To counter this tendency toward technocratic jargon, the Biden administration should outline in clear and simple terms what the deals it struck in Rome will do for the American economy and ordinary American workers. It shouldn’t be too hard to explain how the global minimum corporate tax will a) make corporations pay their fair share of taxes, b) generate more revenue for the U.S. Treasury, and c) discourage corporations from shipping jobs and operations overseas; indeed, President Biden himself already speaks about it in this way.
Likewise, the end of tariff wars with the European Union will allow American businesses to sell more of their products to other high-wage, industrial economies while helping reduce prices for European imports bought by Americans. If all else fails, the Biden administration can fall back on the fact that it’s ended its predecessor’s foolish war on French wine and other European delicacies.
When it comes to the wider steel and aluminum deal between the United States and EU, the case is a bit trickier. It’s tempting for the Biden administration to lean heavily on the climate angle, but most Americans see climate as a second-tier foreign policy priority in comparison to protecting jobs. While the administration shouldn’t actively downplay the climate angle of this deal, it should emphasize instead how it confronts unfair Chinese trade practices and ensures American (and European) industry can compete on a level playing field. The agreement has the added benefit of shoring up strategic ties between the United States and Europe after some recent turbulence as well, all while reducing the intensity of carbon use in the steel and aluminum industry.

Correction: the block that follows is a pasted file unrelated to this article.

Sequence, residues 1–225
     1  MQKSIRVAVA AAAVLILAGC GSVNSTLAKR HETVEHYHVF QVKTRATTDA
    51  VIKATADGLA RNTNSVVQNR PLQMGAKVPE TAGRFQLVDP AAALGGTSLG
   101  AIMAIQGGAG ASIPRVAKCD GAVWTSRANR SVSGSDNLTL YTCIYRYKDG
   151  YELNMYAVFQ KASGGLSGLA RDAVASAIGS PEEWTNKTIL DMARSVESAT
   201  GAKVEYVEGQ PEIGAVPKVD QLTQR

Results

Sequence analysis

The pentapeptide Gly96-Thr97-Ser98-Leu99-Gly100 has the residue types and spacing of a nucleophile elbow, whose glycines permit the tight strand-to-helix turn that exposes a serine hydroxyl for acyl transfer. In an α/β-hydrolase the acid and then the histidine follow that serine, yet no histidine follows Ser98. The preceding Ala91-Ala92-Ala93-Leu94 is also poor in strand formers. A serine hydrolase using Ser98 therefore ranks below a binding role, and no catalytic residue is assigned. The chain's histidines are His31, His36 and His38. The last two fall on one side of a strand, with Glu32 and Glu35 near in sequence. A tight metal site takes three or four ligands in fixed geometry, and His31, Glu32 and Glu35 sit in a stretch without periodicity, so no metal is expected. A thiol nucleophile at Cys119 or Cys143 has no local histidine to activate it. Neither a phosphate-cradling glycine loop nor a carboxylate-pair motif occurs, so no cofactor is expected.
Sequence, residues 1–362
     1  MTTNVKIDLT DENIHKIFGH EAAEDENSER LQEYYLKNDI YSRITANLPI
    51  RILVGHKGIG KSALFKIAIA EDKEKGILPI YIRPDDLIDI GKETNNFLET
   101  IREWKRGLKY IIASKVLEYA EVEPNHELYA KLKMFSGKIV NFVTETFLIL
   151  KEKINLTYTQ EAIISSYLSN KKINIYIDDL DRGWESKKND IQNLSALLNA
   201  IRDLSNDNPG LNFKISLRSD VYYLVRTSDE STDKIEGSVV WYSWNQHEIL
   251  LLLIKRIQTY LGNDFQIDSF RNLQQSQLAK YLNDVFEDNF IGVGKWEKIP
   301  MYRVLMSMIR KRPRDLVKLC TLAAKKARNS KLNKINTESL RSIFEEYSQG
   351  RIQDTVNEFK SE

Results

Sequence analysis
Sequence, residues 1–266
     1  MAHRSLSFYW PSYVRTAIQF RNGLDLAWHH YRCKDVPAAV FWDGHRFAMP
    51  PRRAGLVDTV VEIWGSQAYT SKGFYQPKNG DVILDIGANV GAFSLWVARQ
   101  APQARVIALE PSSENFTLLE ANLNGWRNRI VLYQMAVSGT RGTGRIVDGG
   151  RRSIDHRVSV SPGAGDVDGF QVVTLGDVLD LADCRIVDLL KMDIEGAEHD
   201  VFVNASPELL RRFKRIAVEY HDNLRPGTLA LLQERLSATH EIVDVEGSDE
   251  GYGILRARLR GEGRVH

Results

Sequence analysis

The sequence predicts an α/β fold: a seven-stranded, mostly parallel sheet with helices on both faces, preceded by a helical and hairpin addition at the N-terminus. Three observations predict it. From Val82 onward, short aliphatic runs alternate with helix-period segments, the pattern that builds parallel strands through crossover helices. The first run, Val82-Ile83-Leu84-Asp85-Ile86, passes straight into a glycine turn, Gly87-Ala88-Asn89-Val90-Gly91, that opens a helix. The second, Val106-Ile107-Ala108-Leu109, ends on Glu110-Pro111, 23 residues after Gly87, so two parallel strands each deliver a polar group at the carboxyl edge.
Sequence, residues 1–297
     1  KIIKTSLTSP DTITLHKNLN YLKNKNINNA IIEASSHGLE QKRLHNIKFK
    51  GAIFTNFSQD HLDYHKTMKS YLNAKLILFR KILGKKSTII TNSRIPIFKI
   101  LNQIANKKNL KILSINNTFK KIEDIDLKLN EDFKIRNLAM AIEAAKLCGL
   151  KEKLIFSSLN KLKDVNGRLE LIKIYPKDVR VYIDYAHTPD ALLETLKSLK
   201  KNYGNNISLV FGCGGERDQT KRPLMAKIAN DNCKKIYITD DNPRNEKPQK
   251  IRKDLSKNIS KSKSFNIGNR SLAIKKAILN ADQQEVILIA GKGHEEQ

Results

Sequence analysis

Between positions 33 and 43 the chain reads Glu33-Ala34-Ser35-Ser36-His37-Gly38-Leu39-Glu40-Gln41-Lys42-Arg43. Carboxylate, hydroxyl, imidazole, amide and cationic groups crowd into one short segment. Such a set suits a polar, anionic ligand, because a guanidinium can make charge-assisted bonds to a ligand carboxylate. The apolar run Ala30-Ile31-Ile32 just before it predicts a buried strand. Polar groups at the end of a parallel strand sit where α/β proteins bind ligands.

Some concrete points Biden and his team could make about these deals include:
The international corporate tax deal makes sure that rich companies pay their fair share in taxes to support the public investments in infrastructure, technology and education that ensure American prosperity and discourages them from shipping jobs overseas.
A cease-fire in the trade war with our European allies will help bring down the prices of some imported goods at a time when supply chains remain out of whack due to the pandemic - and that’ll help keep inflation in check at home, too.